At times I catch myself worrying, feeling anxious and fearful about my future. I would bet that I am not alone in experiencing these mental states as anxiety is a normal part of daily life – there is always something to worry about, dread, agonize over, or be stressed by. Anxiety researcher David Barlow points out that without anxiety, the performance of athletes, entertainers, executives, artisans, and students would suffer; creativity would diminish; crops might not be planted (Barlow, 2002). It is when anxiety excesses in frequency, intensity, and duration that it can become maladaptive....
We are guilty of it too…. Using our smart phone all day, everyday! Over 55% of the Canadian population has a smart phone - but are we really that smart? What are the implications of smart phones? How do they impact our overall health and our workplace productivity?
Consider how much time you are spending on your smart phone every day. I know that I use it both at home and at work, and am always connected....
According to the Workplace Stress & Anxiety Disorders Survey from the Anxiety & Depression Association of America (2015), 72% of people who have daily stress and anxiety say it interferes with their lives at least moderately. Within workplaces, anxiety impacts work performances, relationships with coworkers and peers, and quality of work. The work-related causes of anxiety were due to deadlines (55%), interpersonal relationships (53 %), staff management (50%) and dealing with issues/problems that arise (49%).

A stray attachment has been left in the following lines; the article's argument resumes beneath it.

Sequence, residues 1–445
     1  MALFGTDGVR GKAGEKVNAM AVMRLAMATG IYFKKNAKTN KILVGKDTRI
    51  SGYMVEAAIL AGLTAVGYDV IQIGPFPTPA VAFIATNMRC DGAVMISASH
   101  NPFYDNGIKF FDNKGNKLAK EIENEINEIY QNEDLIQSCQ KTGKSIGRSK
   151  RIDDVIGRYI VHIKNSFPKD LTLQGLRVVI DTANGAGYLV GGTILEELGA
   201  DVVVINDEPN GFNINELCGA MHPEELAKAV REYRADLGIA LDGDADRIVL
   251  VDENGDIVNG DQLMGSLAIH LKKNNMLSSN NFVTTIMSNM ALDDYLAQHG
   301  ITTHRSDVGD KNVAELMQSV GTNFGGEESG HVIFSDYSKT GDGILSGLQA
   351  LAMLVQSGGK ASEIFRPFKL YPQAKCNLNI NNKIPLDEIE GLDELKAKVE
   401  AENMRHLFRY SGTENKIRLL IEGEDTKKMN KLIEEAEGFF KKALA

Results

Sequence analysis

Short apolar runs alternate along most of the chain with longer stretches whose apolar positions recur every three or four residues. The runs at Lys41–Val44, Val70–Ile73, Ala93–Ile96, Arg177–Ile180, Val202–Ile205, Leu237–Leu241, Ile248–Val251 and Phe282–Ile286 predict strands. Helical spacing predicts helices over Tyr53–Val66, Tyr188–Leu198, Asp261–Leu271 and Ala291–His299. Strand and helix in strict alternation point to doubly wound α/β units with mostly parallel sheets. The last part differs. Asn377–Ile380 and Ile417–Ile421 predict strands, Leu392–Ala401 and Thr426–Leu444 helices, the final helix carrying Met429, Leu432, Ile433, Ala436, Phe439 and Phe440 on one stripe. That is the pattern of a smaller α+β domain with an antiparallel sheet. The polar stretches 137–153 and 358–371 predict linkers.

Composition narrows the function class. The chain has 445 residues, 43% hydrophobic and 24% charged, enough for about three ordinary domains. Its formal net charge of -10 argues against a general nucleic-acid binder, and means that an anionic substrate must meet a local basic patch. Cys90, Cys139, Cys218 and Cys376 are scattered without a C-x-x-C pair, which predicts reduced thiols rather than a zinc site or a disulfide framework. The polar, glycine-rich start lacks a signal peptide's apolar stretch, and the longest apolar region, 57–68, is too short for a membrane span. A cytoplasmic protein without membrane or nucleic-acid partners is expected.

Yoga, a simple physical activity, has been found to have tremendous impacts on mental and physical health. Research has found it to be effective in reducing anxiety and depression. Could this be part of the solution for workplaces?
Since I started practicing mindfulness last year, I have always wished there was a way to know if I was doing it right. When practicing in a group setting, I would always look at everyone around me to see if there eyes were really closed, how they were sitting, and I would wonder what they were thinking about. In attempts to incorporate mindfulness into my own life, I tried various apps, videos, guided meditations and tried setting practice times at specific times of day. When I would try in the evening, I would sometimes fall asleep – is that what is supposed to happen? “I was relaxed”, I would tell myself! Recently I came across this interesting new product called Muse that might be able to help answer some of my questions!
Mindfulness meditation is gaining popularity for many types of people. People are using this non-secular type of meditation focused on being present in the moment for many reasons: to reduce stress, increase concentration, become more productive, relax and take time for themselves. There is ample research supporting the benefits of mindfulness and countless individuals who use mindfulness and have had positive experiences with it. We are two of them!
Mindfulness is generally regarded as a positive thing, which is why this article recently published in the New York Times was interesting to us. This article shares a critical view on the broad use of the word “mindful” and of the techniques of mindfulness.